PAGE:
The blood vessels within the subintima produce most of the components by volume of synovial fluid. There is a transudate of fluid and proteins that passes into the joint space to start to produce synovial fluid..

Synovial macrophages

These are also known as macrophage-like synoviocytes (MLS), or type A synoviocytes. These are essentially macrophages. Previously they were thought to arise from bone marrow, but in reality they are derived from embryonic precursor cells and maintained by independent slow proliferation. [3]

They remove debris from the synovial fluid such as degraded aggrecans and other material that interfere with the lubricating property.

They also produce prostaglandins that can affect vasodilation or constriction of the subintimal blood vessels, thereby regulating the production of synovial fluid. For example in inflamed joints, prostaglandin production results in an effusion.

Synovial lining macrophages share certain features in common with epithelial cells. They express tight junction proteins, and provide an anti-inflammatory barrier around the joint that impairs immune cell traffic in a steady state. During arthritis this barrier "cracks" open.[4] Macrophages make up the minority of cells in normal intima, except in inflammatory arthritis where they make up 80% of the intima.[4]

These cells are also involved in the immune system as antigen presenting cells.

Synovial fibroblasts

These are also known as fibroblast-like synoviocytes (FLS), or type B synoviocytes. They are more abundant than synovial macrophages. They are thought to arise from mesenchymal stem cells. [3]

Fibroblasts produce inhibitors of phagocytic enzymes that are in turn produced by macrophages, and thereby prevent excessive activity.

Fibroblasts also secrete lubricin, the obsolete term for this was lubricating glycoprotein (LGP). It is also known as superficial zone protein. Lubricin is the cardinal component of synovial fluid and provides an anti-friction property. Hyaluronic acid and proteins on their own do not have an anti-friction property. Lubricin is also expressed by superficial zone chondrocytes and to a lesser extent intermediate zone chondrocytes.[5]

These cells also produce hyaluronan (note previously thought that this was produced by macrophages).[4]

FLS are involved in many pathological aspects of rheumatoid arthritis and promote synovitis, pannus growth, and cartilage/bone destruction.

Joint Lubrication

See also: Cartilage Biomechanics

The ability of synovial fluid to lubricate the surface of cartilage depends on Lubricin (superficial zone protein), a glycoprotein located on the surface of the synovium and cartilage.

Hyaluronan is the main factor that is responsible for retaining a constant volume of fluid during exercise. The fluid cushions the synovial tissue and acts as a reservoir for lubricant for the cartilage. Mechanical stimulation of synovial fibroblasts is likely a key factor for stimulating the synthesis of hyaluronan. So when there is a large volume of synovial fluid, there is decreased mechanical stimulation and hence reduced synthesis, and vice versa.

Joint effusions can be created by two mechanisms, but they are not necessarily distinct. Osteoarthritis can display both mechanisms.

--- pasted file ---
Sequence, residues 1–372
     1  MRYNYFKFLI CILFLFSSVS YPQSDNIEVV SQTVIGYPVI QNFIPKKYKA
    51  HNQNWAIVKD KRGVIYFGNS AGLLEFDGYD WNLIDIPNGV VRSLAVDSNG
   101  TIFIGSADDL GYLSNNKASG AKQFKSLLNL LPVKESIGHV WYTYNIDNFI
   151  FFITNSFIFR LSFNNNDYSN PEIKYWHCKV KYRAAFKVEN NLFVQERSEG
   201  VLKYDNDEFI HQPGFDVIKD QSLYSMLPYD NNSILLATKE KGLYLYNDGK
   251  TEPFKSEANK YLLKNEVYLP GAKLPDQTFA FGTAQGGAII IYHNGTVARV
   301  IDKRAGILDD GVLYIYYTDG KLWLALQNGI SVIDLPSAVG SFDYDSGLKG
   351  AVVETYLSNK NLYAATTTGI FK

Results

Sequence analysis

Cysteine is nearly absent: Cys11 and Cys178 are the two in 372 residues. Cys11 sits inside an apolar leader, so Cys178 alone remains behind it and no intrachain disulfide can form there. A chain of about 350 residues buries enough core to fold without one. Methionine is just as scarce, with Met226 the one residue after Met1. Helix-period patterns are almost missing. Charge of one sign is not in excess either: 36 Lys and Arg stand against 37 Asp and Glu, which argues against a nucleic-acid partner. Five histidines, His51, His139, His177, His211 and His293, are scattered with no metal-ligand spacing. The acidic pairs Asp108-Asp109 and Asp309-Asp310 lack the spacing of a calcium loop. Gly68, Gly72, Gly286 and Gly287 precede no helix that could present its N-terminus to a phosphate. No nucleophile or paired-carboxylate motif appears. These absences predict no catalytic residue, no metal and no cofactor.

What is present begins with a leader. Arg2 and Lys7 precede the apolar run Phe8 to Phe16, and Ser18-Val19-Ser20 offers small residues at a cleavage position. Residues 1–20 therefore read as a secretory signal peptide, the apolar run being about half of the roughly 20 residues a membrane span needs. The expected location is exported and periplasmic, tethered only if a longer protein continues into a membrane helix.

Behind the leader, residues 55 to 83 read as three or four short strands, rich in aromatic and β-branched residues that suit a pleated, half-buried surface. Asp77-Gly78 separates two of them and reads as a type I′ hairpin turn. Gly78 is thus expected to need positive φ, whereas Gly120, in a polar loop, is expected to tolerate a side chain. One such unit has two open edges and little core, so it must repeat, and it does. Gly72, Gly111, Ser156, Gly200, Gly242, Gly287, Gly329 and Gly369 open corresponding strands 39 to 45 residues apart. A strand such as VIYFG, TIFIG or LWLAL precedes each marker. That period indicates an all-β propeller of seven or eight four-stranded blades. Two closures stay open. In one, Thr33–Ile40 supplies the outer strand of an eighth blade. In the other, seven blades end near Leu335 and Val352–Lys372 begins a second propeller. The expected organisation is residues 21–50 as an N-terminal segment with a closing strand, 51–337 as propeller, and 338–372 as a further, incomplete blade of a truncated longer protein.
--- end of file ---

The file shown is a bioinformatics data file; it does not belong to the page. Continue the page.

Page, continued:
1. Mechanical irritation: such as in osteoarthritis, there is excessive production of hyaluronan by synovial fibroblasts through frictional forces.
  2. Synovitis: this occurs through the accumulation of exudate, i.e. inflammatory oedema through increased vascular permeability.

List of Synovial Joints


Acromioclavicular Joint Joint type: Planar JointBones: Clavicle, ScapulaLigaments: Coracoclavicular, coracoacromial, superior acromioclavicular, and inferior acromioclavicular ligaments.Muscles: No muscles directly act on this joint.Innervation: Axillary, suprascapular, and lateral pectoral nervesVasculature: Suprascapular and thoracoacromial arteriesROM: Upward rotation: 30 degrees, external rotation:8 degreesVolume: 2mL
Atlanto-axial Joint Joint type: Pivot JointBones: C1 (Atlas), C2 (Axis)Innervation: C2ROM: Rotation ~45° each way, flexion-extension ~10° each way, and lateral flexion ~5° each way
Atlanto-occipital Joint Joint type: Condyloid JointBones: C1 (Atlas), OcciputLigaments: Two articular capsules, posterior atlanto-occipital membrane, anterior atlanto-occipital membraneMuscles: Flexion by longi capitis and recti capitis anteriores; extension by recti capitis posteriores major and minor, the obliquus capitis superior, the semispinalis capitis, splenius capitis, sternocleidomastoid, and upper fibres of the trapezius.Innervation: C1Vasculature: Anastomosis between the deep cervical, occipital and vertebral arteries.ROM: 3.5 flexion, 21 extension, 10.9 lateral flexion each way, 6.7 rotation each way
Cervical Zygapophyseal (Facet) Joint Joint type: Planar Joint
Distal Radioulnar Joint Joint type: Pivot JointBones: Radius, UlnaLigaments: Triangular, anterior distal radioulnar, and posterior distal radioulnar ligamentsMuscles: Pronation: pronator quadratus, pronator teres; Supination: supinator, biceps brachiiInnervation: Anterior and posterior interosseous nervesVasculature: Anterior and posterior interosseous arteries
Elbow Joint Joint type: Hinge JointBones: Radius, Ulna, HumerusLigaments: Capsule, medial and lateral collateral ligaments, oblique cord, quadrate ligamentInnervation: Radial, ulnar, median, and musculocutaneous nervesVasculature: Anastomotic arcades formed by branches of radial, ulnar, and brachial arteries.
First Carpometacarpal Joint (Trapeziometacarpal Joint) Joint type: Saddle JointBones: Metacarpal, TrapeziumLigaments: Capsule, anterior oblique, ulnar collateral, first intermetacarpal, posterior oblique, dorsoradial ligaments.Innervation: Lateral antebrachial cutaneous nerve, palmar cutaneous branch of the median nerve, superficial radial nerveVasculature: First dorsal metacarpal branch of the radial arteryROM: 53° of flexion/extension, 42° of abduction/adduction, and 17° of rotation